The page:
In this study, bond properties of glass fibre reinforced polymer (GFRP) bars embedded in high-strength concrete (HSC) were experimentally investigated using a pull-out test. The experimental program consisted of testing 84 pull-out specimens prepared according to ACI 440.3R-12 standard. The testing of the specimens was carried out considering bar diameter (9.5, 12.7 and 15.9 mm), embedment length (2.5, 5, 7.5 and 10 times bar diameter) and surface configuration (helical wrapping with slight sand coating (HW-SC) and sand coating (SC)) as the main parameters. Twelve pull-out specimens reinforced with 16 mm steel bar were also tested for comparison purposes. Most of the specimens failed by a pull-out mode. Visual inspection of the tested specimens reinforced with GFRP (HW-SC) bars showed that the pull-out failure was due to the damage of outer bar surface, whilst the detachment of the sand coating was responsible for the bond failure of GFRP (SC) reinforced specimens. The bond stress – slip behaviour of GFRP (HW-SC) bars is different from that of GFRP (SC) bars and it was also found that GFRP (SC) bars gave a better bond performance than GFRP (HW-SC) bars. It was observed that the reduction rate of bond strength of both GFRP types with increasing the bar diameter and the embedment length was reduced in the case of high-strength concrete. Bond strength predictions obtained from ACI-440.1R, CSAeS806, CSA-S6 and JSCE design codes were compared with the experimental results. Overall, all design guidelines were conservative in predicting bond strength of both GFRP bars in HSC and ACI predictions were closer to the tested results than other codes.
  • A new method for investigating the relationship between diet and mortality: hazard analysis using dietary isotopes

    Redfern, R.C.; DeWitte, S.N.; Beaumont, Julia; Millard, A.R.; Hamlin, C. (2019)
    Bioarchaeological and clinical data show that diet influences health, and this relationship is crucial to how we understand past health with respect to sex and age. We propose a new method that coinvestigates the relationship between mortality risk and diet in the past. Our method integrates dietary stable isotope data (δ13 Carbon and δ 15 Nitrogen) from Roman Britain (N=659) with hazards analysis. The results show that these data can be informatively used in this type of analysis in general, and that in the context of Roman Britain, higher δ 13C is associated with lower risks of mortality while higher δ 15N is associated with elevated risks of mortality. Importantly, the results emphasize that a bioarchaeological approach to interpretation must be taken in order to more fully understand the results obtained by the method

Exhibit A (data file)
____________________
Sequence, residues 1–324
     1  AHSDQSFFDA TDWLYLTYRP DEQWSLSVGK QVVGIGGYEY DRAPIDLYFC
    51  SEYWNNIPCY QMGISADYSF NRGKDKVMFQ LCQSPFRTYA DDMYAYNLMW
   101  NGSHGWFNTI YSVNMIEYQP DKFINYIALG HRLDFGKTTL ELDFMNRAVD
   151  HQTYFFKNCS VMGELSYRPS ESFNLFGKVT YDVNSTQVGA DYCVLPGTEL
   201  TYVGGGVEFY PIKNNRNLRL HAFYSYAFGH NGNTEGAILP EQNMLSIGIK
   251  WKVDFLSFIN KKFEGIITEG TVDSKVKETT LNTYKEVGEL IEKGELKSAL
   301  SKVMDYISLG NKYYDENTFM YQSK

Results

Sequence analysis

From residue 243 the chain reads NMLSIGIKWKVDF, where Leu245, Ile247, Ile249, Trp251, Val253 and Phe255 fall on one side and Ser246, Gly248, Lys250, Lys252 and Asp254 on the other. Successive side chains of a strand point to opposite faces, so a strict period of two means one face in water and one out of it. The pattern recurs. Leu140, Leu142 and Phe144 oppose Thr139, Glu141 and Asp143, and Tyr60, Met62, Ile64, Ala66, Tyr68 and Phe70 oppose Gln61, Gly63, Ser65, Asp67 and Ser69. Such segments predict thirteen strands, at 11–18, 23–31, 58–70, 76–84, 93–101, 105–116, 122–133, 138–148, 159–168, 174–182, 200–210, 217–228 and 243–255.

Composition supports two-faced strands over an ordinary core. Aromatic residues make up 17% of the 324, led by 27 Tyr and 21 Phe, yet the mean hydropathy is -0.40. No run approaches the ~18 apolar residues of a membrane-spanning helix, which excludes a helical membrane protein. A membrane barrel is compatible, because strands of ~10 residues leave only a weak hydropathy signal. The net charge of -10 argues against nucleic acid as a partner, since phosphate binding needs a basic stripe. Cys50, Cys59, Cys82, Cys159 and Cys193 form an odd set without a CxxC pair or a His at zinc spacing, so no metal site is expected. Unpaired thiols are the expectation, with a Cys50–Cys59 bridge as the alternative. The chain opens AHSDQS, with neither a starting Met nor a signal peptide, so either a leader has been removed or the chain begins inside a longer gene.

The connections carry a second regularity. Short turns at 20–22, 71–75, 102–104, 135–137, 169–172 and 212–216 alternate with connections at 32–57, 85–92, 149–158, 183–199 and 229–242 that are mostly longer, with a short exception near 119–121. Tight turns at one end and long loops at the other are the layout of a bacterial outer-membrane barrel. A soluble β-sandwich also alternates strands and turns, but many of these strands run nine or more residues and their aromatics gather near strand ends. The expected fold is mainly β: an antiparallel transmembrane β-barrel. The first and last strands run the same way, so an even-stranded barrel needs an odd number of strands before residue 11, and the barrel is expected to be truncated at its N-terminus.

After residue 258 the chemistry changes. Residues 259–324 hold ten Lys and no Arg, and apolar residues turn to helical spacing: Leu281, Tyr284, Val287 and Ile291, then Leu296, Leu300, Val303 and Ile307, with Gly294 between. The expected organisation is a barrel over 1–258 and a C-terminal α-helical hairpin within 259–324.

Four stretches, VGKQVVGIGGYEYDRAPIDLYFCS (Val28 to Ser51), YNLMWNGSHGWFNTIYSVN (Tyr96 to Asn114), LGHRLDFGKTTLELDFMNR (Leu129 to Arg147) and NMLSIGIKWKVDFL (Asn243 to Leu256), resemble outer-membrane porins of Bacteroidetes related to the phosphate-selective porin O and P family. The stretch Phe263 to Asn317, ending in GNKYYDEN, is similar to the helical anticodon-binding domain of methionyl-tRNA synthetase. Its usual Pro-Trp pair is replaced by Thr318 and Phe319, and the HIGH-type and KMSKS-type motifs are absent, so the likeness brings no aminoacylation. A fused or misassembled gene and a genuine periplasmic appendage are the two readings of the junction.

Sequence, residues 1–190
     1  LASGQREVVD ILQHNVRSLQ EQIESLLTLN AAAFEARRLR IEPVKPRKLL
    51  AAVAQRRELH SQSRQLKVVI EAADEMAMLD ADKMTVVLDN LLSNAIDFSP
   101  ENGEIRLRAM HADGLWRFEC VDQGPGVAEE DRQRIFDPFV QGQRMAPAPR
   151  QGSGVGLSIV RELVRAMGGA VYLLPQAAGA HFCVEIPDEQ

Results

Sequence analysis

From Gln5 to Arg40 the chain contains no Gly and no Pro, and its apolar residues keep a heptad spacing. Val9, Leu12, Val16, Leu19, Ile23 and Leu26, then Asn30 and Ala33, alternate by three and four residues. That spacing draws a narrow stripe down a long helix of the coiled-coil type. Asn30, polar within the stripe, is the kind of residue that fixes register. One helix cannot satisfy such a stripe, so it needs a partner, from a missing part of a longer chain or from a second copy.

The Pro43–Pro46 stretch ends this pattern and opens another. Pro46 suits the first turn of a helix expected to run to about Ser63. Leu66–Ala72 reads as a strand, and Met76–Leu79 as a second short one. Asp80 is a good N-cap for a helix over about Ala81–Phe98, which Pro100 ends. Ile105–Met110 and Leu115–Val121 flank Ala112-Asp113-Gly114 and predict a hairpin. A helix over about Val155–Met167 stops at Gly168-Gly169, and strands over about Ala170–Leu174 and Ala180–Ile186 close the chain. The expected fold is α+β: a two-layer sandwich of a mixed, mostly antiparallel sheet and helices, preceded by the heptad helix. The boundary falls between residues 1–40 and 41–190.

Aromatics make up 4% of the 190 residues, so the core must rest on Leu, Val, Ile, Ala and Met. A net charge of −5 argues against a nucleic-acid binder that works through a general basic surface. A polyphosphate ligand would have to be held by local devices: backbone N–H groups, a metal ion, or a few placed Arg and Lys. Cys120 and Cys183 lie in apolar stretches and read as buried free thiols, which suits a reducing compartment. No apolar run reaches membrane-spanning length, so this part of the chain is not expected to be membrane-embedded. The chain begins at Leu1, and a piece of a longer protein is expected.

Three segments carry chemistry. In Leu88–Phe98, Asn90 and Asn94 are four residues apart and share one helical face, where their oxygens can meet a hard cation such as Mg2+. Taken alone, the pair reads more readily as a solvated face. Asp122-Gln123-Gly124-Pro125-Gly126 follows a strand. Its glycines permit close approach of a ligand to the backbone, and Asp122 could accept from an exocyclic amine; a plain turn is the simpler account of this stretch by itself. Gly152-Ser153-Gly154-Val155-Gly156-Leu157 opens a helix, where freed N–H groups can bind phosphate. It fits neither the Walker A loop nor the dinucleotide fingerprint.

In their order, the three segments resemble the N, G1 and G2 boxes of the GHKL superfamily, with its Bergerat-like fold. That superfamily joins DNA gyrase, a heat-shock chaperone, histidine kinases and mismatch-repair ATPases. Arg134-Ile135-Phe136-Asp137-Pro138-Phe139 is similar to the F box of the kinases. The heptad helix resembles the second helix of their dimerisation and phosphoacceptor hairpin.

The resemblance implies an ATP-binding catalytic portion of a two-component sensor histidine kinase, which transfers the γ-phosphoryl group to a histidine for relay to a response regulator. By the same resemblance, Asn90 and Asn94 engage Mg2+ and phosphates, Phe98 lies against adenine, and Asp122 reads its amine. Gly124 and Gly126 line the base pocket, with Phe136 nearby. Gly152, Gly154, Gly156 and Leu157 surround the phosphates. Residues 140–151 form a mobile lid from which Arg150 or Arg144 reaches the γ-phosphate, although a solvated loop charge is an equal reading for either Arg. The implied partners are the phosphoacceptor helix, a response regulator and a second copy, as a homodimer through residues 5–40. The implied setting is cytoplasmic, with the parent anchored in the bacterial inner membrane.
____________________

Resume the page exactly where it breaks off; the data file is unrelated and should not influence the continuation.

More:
• Fast, facile and solvent‐free dry melt synthesis of oxovanadium(IV) complexes: Simple design with high potency towards cancerous cells

    Zegke, Markus; Spencer, H.L.M.; Lord, Rianne M. (2019)
    A range of oxobis(phenyl‐1,3‐butanedione) vanadium(IV) complexes have been successfully synthesized from cheap starting materials and a simple and solvent‐free one‐pot dry‐melt reaction. This direct, straightforward, fast and alternative approach to inorganic synthesis has the potential for a wide range of applications. Analytical studies confirm their successful synthesis, purity and solid‐state coordination, and we report the complexes’ uses as potential drug candidates for the treatment of cancer. After a 24‐hour incubation of A549 lung carcinoma cells with the compounds, they reveal cytotoxicity values 11‐fold greater than cisplatin, and remain non‐toxic towards normal cell types. Additionally, the complexes are stable over a range of physiological pH values and show the potential for interactions with BSA.